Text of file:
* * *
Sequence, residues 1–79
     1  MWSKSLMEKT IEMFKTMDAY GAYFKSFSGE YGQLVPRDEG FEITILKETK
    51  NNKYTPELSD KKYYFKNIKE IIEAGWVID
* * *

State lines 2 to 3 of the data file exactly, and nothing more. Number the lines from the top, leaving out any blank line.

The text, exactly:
     1  MWSKSLMEKT IEMFKTMDAY GAYFKSFSGE YGQLVPRDEG FEITILKETK
    51  NNKYTPELSD KKYYFKNIKE IIEAGWVID